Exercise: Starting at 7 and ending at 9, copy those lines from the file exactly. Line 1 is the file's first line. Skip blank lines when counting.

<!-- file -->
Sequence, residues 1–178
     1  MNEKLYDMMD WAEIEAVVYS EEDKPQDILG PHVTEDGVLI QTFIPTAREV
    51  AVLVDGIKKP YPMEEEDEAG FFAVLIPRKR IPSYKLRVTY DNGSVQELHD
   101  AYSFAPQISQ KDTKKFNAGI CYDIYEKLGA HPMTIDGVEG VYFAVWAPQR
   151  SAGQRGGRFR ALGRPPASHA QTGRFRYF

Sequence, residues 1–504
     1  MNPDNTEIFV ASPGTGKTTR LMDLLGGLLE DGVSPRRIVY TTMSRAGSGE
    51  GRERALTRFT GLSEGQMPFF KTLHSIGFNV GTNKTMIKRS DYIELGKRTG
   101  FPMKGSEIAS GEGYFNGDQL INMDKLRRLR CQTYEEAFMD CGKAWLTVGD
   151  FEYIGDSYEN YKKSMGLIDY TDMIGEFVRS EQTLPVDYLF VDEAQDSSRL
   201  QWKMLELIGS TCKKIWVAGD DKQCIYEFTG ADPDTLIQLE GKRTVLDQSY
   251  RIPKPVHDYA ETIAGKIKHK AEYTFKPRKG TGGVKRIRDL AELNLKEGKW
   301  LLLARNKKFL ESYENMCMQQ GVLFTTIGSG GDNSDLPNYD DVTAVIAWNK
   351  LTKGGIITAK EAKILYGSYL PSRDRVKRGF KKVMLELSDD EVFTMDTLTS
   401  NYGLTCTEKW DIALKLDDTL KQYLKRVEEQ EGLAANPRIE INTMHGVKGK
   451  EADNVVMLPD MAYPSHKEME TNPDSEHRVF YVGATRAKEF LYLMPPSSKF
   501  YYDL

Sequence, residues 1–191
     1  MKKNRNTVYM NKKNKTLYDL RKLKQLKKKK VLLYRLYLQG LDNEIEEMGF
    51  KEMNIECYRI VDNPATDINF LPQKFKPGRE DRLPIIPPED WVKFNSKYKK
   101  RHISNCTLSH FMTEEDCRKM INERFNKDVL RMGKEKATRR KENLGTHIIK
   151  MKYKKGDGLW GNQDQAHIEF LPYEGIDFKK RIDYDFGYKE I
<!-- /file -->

     1  MNPDNTEIFV ASPGTGKTTR LMDLLGGLLE DGVSPRRIVY TTMSRAGSGE
    51  GRERALTRFT GLSEGQMPFF KTLHSIGFNV GTNKTMIKRS DYIELGKRTG
   101  FPMKGSEIAS GEGYFNGDQL INMDKLRRLR CQTYEEAFMD CGKAWLTVGD